Modern Foreign Languages at A-level
Some of the topics will already be familiar to you from GCSE but you will be studying them in greater breadth and depth. The areas of study include: family, marriage and relationships, modern world issues, law and order, medical advances, French culture (TV, music, theatre and film) and political culture. The GCSE course is excellent preparation for A-level and you will find that the skills you have learnt will give you a strong foundation for success at A-level.
We cover the areas of study over the two years and in addition to this we study a literary text and a film in depth. French literature is new to most Sixth Formers and so we tackle the text gradually, allowing lots of time for understanding and discussion. Our novel, ‘L’Étranger’, one of the most famous works ever written in French, tells the story of Meursault, a fascinating and unusual character. We study the film ‘La Haine’ which deals with the themes of youth, immigration and life in the suburbs of Paris. Throughout the course, there are opportunities to discuss, debate and express your opinions in French. Weekly lessons with the French Assistant allow for consolidation of lesson work and also help to develop your spontaneity and conversational French.
Some of the topics will already be familiar to you from GCSE but you will be studying them in greater breadth and depth. The areas of study include: family, marriage and relationships, digital media, the city of Berlin, German culture (TV, music, theatre and film) and political culture. The GCSE course is excellent preparation for A-level and you will find that the skills you have learnt will give you a strong foundation for success at A-level.
We cover the areas of study over the two years and in addition to this we study a film and a literary text in depth – ‘Goodbye Lenin’ and ‘Die Verwandlung’ by Kafka. Studying German literature and film is new to most Sixth Formers and so we tackle each aspect gradually, allowing lots of time for understanding and discussion. ‘Goodbye Lenin’ is a fascinating film, insightful and funny in equal measures, about life in the former East Germany after the fall of the Berlin wall. ‘Die Verwandlung’, one of the most famous works ever written in German, tells the story of Gregor Samsa who wakes up one morning to discover his life has taken a most unusual twist. Throughout the course, there are opportunities to discuss, debate and express your opinions in German. Weekly lessons with the German Assistant allow for consolidation of lesson work and also help to develop your spontaneity and conversational German.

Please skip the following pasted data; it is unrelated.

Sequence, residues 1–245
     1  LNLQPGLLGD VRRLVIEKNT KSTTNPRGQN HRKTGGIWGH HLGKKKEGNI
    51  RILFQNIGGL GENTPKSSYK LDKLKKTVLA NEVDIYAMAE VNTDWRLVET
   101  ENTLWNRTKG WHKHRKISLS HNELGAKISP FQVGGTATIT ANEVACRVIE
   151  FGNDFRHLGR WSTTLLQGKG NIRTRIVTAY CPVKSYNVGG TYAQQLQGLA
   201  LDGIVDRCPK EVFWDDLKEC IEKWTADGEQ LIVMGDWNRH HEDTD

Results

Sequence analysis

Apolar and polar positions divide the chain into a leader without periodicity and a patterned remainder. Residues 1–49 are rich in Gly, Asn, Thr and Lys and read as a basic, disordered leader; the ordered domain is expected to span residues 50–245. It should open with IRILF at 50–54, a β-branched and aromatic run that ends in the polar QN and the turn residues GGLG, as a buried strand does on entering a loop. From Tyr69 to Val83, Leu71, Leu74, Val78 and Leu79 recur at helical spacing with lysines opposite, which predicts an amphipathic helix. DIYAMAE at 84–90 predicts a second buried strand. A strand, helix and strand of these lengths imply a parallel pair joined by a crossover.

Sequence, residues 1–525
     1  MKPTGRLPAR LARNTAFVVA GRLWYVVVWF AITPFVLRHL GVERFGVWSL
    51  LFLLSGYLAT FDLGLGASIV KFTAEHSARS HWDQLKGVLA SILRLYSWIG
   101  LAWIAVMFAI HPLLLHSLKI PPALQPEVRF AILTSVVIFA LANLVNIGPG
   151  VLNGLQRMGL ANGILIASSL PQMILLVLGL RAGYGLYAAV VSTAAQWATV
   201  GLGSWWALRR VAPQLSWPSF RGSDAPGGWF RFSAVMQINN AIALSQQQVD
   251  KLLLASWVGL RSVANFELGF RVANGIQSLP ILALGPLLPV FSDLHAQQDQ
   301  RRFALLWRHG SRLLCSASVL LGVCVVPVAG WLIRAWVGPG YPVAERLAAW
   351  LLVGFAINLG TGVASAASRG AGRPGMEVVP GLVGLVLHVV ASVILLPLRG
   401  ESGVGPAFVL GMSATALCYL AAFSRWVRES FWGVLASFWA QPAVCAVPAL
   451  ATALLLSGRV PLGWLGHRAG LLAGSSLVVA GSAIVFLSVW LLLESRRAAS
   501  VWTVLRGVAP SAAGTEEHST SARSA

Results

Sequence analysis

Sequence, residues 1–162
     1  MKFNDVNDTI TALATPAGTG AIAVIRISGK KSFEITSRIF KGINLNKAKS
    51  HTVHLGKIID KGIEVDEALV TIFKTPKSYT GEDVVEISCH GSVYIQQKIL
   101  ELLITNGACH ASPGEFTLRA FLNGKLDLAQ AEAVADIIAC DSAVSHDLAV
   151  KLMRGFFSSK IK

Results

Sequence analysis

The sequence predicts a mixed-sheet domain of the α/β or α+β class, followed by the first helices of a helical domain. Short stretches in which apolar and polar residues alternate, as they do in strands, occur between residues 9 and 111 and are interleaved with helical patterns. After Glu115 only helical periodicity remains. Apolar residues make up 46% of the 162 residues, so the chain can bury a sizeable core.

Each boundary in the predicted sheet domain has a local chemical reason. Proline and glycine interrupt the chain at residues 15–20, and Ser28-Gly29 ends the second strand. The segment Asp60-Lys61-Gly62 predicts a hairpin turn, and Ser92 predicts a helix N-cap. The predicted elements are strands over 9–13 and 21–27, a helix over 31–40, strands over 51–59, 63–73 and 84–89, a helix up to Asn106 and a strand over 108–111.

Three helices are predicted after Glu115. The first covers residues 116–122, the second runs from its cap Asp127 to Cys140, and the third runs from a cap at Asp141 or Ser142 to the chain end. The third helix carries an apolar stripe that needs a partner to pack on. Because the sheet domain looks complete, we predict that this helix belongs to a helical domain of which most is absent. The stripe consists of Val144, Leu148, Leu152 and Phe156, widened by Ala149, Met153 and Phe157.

Proficiency in Spanish enables pupils to communicate successfully on a world stage. It affords access to the vibrant and lively culture of Spain and is becoming increasingly useful for communicating with businesses in North and South America.
Literature and film play an important role in the Spanish culture, with some very famous playwrights and directors coming from various regions in Spain. It is important for pupils to feel confident about accessing the language and culture in as many different forms as possible. At A-level a popular play (‘La casa de Bernarda Alba’) and a film by a well-known Hispanic director (‘El Laberinto del Fauno’) are studied. This is often the first time that pupils experience film and literature in another language and can, for a lot of them, provoke a further interest in the subject.
We run a trip to the Opal Coast, Northern France, open to all First Year pupils. This takes place at the end of the school year and we are based in a PGL centre where there are outdoor activities to enjoy. Pupils also visit local towns to practise their language skills and spend the final day at Nausicaa Sea Life Centre.
There is a French Exchange with a college in Paris for pupils in Fourth Year.
The department runs a Language and Culture Trip to Munich for all pupils studying German in Third Year and above. As well as having German lessons in a Language School, pupils visit other sights such as Neuschwanstein Fairy Tale Castle, BMW World and Bayern Munich Football Stadium.
Lower Sixth German students can spend an action-packed day in Berlin, looking at the historical and cultural sites they are studying at A-level and to experience the city’s diversity.
All pupils studying Spanish have the opportunity to take part in a biennial Language and Culture Trip to Madrid, which runs during the first half of the May half-term. Pupils are involved in a variety of activities including flamenco dancing, tapas tasting, tours of the Las Ventas Bullring and Real Madrid’s Bernabeu stadium, and also have a full-day trip to the Parque Warner theme park.
The department arranges cinema, theatre and restaurant visits for pupils on a regular basis.
Work experience trips are also available – these are organised by an independent company. Information about these trips can be provided on request.